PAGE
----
The fair application of collateral estoppel is attendant upon the actual and necessary determination of identical issues in the instant and underlying cases. Where several counts have been submitted to the jury and the jury's verdict leaves unclear the grounds upon which its determination is based, the precision as to identity of issues which collateral estoppel demands is absent. Accordingly, collateral estoppel has been denied in cases where uncertainty exists as to the basis for the general verdict. In Glass v. United States Rubber Co., 382 F.2d 378 (10th Cir.1967) the court denied collateral estoppel effect to an earlier general verdict defining the legal duties of a rubber manufacturer in a subsequent case for negligence with regard to a specific brand of rubber hose. The general verdict was held to be an insufficient basis for a subsequent determination of specific liability. Glass, supra at 384.

 In Happy Elevator v. Osage Construction Corp., 209 F.2d 459 (10th Cir.1954), preclusive effect was denied to a previous directed verdict dismissing charges against two defendants where no determination as to the liability of either could be deciphered. A defendant could not maintain that the general verdict found him free of fault on the issue, when other unstated grounds could have led to the verdict. See also Lipton Richard Franchise Investment, Inc., 73 Civ. 3720 (S.D.N.Y.1976); Franks v. Thomason, 4 B.R. 814 (D.C.N.D.Ga.1980).

 In Russell v. Place, 94 U.S. 606, 608, 24 L. Ed. 214 (1877), the Supreme Court noted:

 . . . If it appears that several distinct matters may have been litigated, upon one or more of which the judgment may have passed, without indicating which of them was thus litigated, and upon which the judgment was rendered, the whole subject-matter of the action will be at large, and open to a new contention, unless this uncertainty be removed by extrinsic evidence showing the precise point involved and determined.

 Such "extrinsic evidence" may be found as in the GAF case by the ruling of a Court of Appeals specifically delineating the jury's findings and the sufficiency of evidence supporting such findings. See also Ohio-Sealy Mattress Mfg. Co. v. Sealy, Inc., 585 F.2d 821 (7th Cir.1978), cert. denied, 440 U.S. 930, 99 S. Ct. 1267, 59 L. Ed. 2d 486 in which the Court of Appeals was able to deduce with "mathematical certainty" the findings upon which the general verdict in a prior suit was necessarily based. Ohio-Sealy, supra at 844.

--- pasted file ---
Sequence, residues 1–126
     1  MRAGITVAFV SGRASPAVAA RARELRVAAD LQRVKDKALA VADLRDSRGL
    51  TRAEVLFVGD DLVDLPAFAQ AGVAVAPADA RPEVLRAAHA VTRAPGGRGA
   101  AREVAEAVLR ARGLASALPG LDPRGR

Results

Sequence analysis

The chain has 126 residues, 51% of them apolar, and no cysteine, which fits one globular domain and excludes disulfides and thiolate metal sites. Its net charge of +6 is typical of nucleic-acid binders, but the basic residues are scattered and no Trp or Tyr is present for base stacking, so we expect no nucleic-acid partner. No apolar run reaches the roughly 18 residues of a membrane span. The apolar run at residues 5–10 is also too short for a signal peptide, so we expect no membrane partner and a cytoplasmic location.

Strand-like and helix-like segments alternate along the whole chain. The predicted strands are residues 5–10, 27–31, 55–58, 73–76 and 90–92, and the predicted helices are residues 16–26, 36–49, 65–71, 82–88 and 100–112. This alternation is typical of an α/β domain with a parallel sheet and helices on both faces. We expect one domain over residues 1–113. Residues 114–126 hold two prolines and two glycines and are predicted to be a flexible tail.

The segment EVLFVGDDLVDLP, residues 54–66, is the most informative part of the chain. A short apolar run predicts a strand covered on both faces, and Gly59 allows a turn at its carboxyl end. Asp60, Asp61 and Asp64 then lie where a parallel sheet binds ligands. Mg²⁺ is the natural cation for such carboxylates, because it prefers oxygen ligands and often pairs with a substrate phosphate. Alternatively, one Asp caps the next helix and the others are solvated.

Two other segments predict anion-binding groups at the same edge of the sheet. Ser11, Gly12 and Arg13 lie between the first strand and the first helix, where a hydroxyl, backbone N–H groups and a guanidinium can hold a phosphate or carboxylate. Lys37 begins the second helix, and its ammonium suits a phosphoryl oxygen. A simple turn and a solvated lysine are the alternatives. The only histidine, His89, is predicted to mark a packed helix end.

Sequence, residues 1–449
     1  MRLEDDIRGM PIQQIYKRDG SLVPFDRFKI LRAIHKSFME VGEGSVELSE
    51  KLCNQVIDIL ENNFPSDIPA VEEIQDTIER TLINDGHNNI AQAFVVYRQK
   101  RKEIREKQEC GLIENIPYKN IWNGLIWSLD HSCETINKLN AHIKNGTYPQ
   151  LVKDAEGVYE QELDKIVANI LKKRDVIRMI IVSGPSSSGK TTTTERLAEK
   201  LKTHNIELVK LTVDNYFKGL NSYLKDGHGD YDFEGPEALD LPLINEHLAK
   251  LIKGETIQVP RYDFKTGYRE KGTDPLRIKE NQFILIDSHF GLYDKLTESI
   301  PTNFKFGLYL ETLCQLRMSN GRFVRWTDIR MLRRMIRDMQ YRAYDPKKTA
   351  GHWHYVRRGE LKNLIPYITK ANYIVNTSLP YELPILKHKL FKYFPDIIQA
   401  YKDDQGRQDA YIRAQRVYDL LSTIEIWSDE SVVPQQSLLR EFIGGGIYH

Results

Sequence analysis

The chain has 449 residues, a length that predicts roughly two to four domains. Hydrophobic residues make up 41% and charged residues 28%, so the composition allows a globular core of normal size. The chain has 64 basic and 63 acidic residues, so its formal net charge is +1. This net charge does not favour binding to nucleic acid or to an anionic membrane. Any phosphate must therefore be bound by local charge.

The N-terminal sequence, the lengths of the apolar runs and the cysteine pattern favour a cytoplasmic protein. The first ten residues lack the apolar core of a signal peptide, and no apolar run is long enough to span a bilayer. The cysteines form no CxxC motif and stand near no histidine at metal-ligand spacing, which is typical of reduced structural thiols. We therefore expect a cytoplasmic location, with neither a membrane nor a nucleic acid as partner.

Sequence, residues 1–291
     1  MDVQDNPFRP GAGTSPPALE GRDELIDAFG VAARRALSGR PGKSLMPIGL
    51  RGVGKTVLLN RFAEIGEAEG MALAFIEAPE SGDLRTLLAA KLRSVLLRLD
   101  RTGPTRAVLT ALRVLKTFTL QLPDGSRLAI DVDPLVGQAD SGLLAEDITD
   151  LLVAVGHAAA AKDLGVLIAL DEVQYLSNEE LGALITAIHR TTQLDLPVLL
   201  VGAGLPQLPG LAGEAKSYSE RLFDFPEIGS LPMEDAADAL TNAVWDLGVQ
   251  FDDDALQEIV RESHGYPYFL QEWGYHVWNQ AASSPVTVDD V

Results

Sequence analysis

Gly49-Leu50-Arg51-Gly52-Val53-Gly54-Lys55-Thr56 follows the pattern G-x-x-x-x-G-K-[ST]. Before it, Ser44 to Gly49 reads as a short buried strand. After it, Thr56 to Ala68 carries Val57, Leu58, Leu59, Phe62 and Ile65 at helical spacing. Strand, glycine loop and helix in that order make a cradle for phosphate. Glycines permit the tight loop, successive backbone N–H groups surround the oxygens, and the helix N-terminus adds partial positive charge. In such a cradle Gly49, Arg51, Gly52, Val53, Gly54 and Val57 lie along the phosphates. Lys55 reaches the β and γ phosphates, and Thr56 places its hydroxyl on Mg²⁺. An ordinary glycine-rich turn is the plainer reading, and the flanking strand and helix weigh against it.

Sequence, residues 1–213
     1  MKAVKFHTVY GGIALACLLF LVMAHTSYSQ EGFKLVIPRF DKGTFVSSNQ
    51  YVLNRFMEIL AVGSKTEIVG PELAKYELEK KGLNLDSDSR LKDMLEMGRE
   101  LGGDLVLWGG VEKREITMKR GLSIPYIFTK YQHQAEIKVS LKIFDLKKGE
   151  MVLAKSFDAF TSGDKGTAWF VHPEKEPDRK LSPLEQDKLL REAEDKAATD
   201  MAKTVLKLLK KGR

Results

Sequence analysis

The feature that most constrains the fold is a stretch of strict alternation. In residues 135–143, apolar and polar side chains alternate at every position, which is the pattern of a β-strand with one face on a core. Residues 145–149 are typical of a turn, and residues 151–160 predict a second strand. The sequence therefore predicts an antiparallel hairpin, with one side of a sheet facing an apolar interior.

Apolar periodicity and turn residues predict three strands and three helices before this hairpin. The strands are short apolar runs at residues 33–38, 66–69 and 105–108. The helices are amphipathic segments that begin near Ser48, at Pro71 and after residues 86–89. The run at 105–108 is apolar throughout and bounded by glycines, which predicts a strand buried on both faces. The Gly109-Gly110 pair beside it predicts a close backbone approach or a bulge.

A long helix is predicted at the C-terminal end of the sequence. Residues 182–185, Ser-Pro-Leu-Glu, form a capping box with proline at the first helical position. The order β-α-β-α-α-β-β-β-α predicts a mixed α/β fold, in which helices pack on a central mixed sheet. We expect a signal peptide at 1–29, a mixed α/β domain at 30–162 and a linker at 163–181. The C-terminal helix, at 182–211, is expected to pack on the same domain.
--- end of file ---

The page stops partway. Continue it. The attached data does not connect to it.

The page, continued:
The nature of the charges culminating in a general verdict may also result in a determination that either issue constitutes legally sufficient grounds for estoppel purposes. In Brown v. Werner, 428 F.2d 375 (1st Cir.1970), a general verdict for the defendant on charges of negligent manufacture of a ladder and strict liability for its manufacture was held sufficient to estop both issues raised against the same defendant in subsequent litigation. Since either charge would compel a verdict for the plaintiff, the fact that the plaintiff prevailed necessitates the inference that at least one element of either charge was lacking. Brown, supra at 376. Therefore, collateral estoppel may fairly be applied to preclude the further litigation of either.

 In the instant case, in light of the complexity of the issues before the jury, the verdict by itself and out of the context of the Sfernice trial could not necessarily be determined to have foreclosed any particular issue. See Ohio-Sealy at 844. The jury in the Sfernice litigation was asked to consider six alternative grounds upon which to rest a finding of the liability of the defendant:

 In summary if you find that Vishay fraudulently or inequitably produced a patent or that Vishay misused its patent by making overly broad assertions of its rights thereunder or that Vishay initiated improper patent interference proceedings or that Vishay improperly initiated litigation or improperly threatened to initiate litigation on trade secrets or on any other basis, and that such conduct excluded competitors, including Sfernice, from the market, then you must find that Vishay has engaged in illegal conduct as proscribed by our antitrust laws. Tr. at 1205.

 The Sfernice jury's general verdict provides this court with no basis for determining which of the plaintiff's allegations were found by the jury in reaching its verdict -- any one or all would have sufficed. The Sfernice jury was specifically instructed that liability could be predicated upon any one of the above asserted acts if it was found to have occurred and to have been unlawful within the meaning of the antitrust laws: "plaintiffs are not required to prove every one of its specific allegations." Tr. 1207.